The Raging Fires

The Raging Fires by T. A. Barron Read Free Book Online Page A

Book: The Raging Fires by T. A. Barron Read Free Book Online
Authors: T. A. Barron
on the knoll, its back to the rowan tree, its wings spread wide. Its fangs glistened, as did the sword it held in a clawed fist. My own sword!
    I made an effort to stand, but fell back to the ground, exhausted. The mouth drew nearer. I tried to wriggle away. My body felt heavier than stone.
    There was no strength left in my limbs. Nor in my mind. The cavernous mouth started to blur at the edges. Everything looked red. Bloodred.
    I heard a crack, like splitting wood. The piercing shriek came again. Then silence—along with total darkness.

    I awoke to find myself, once again, on the leaves. Something brittle and tasteless clung to my tongue. I spat it out. A twig! Someone—my mother—lifted her head from my chest, where she seemed to have been listening. Tears stained her cheeks, but her sapphire eyes shone with relief.
    Lightly, she stroked my brow. “You have awakened, at last.” She looked up into the rustling boughs of the rowan tree and closed her eyes in thanks.
    At that instant, I glimpsed just behind her a pair of huge, bony wings. The kreelix! I rolled to the side, smacking into her full force. She cried out, tumbling down the slope like an apple dropped from a branch. With a single leap, I landed on my feet. Wobbly though I was, I positioned myself between her and the dreaded beast.
    Then I caught myself: The kreelix hung as limp as a discarded scarf, suspended by the branches of the rowan tree. Thick, gnarled boughs wrapped around each of its wings, while several more pinned the furred body against the trunk. Its claws, once so threatening, dangled lifelessly, while its head drooped forward, obscuring the fangs. A deep gash, stained with purple blood, cut across its neck.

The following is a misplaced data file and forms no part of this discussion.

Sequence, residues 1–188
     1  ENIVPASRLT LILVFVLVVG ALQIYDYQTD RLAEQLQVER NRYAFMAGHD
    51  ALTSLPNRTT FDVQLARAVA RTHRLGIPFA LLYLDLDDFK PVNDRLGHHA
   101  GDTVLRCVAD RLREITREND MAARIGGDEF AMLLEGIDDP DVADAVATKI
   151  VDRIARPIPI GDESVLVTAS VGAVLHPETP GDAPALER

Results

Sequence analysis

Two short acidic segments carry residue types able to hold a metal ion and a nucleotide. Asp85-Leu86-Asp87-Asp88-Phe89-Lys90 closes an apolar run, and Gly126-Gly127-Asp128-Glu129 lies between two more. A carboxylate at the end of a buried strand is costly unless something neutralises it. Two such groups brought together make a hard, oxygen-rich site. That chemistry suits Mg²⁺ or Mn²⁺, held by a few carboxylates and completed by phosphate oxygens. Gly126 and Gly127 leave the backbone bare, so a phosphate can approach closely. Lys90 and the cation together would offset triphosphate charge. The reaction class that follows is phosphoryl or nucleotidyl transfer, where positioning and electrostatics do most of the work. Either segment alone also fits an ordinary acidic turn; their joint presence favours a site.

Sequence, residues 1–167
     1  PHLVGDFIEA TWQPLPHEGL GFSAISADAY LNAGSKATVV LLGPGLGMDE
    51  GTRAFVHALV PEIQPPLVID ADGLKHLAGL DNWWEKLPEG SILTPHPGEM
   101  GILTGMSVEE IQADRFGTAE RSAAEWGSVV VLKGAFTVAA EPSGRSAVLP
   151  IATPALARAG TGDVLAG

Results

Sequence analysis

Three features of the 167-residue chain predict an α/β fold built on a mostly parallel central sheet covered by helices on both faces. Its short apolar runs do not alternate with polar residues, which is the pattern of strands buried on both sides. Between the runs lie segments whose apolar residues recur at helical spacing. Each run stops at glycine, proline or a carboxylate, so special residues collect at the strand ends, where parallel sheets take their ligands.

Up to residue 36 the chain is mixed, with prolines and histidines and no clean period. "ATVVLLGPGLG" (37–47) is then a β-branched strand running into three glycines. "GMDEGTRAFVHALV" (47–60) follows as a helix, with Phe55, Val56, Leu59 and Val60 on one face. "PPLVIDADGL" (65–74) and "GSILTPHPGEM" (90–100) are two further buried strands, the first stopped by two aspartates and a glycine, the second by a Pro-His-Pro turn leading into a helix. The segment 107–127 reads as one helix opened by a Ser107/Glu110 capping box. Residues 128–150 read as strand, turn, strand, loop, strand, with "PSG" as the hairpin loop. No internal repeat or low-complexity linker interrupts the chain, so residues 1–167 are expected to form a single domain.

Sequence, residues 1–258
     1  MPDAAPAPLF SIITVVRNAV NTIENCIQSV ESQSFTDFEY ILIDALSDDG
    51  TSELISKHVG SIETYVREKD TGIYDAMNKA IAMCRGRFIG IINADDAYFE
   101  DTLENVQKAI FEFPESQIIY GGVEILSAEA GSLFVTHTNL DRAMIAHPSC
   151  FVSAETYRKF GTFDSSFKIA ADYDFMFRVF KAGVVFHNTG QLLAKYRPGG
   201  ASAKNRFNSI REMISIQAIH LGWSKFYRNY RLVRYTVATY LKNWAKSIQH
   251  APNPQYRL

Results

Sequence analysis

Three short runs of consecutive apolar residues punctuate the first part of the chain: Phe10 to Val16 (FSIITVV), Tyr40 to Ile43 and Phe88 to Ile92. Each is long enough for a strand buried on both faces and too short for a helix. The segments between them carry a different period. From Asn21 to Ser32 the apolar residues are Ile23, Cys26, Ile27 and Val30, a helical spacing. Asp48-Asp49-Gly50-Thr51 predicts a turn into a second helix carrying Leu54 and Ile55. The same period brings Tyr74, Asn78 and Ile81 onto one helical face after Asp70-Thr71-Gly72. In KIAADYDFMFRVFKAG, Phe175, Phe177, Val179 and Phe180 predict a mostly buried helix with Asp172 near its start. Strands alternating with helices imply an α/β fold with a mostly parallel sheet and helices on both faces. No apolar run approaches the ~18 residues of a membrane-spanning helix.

“Don’t worry.” Cairpré’s hand closed on my shoulder. “It’s quite dead.”
    My mother puffed up behind us. “So am I, almost.”
    I whirled around. “I’m so sorry! I thought . . .”
    “I know what you thought.” She forced a grin, even as she rubbed a tender spot on her shoulder. “And I am glad to know beyond doubt, my son, that your strength has returned.”
    I turned again to the kreelix, draped against the tree. “How . . .?” I began. “But . . . it was—how?”
    “I do so love someone who can ask a clear question.” Rhia emerged from behind the trunk, grinning sassily at me. In her hand she held my sword, gleaming in the scattered sunlight of the knoll. She lifted the scabbard from the ground, thrust in the blade, and handed them to me. “I thought you’d prefer your sword without all that blood. Such a ghastly purple color. Reminds me of a rotten fish.”
    Seeing the confusion on my face, she glanced at Cairpré and Elen. “I suppose we ought to fill him in. Otherwise he’ll be peppering us with unfinished questions all day long.”
    “Tell me!” I roared. “What in the world happened? To me—and that flying maggot over there.”
    Cairpré’s head wagged. “I tried to warn you. It all happened too fast. A kreelix lives on magic, you see. Eats it. Sucks it right out of its prey, as a bee takes nectar from a flower. Since I, like everyone else, thought the last kreelix died centuries ago, I never bothered to tell you about them before. Foolish error, Greatest terror. A better tutor would have taught you that the only way to battle one—as the wizards of old learned the hard way, I’m afraid—is slyly. Indirectly. The worst thing you can do is to confront it head-on, exposing all your magic.”
    “As I did.” Buckling the sword, I shook my head. “I had no idea what hit me. There was this flash of scarlet light . . . Then all my strength, all my life it seemed, was ripped away. Even my second sight felt crippled.”
    The eyes beneath the bushy brows gazed at me solemnly. “It could have been worse. Far worse.”
    I tried to swallow, but my throat felt rougher than the rowan’s bark. “I could have died, you mean. So why didn’t I? Right then?”
    His hand reached over and

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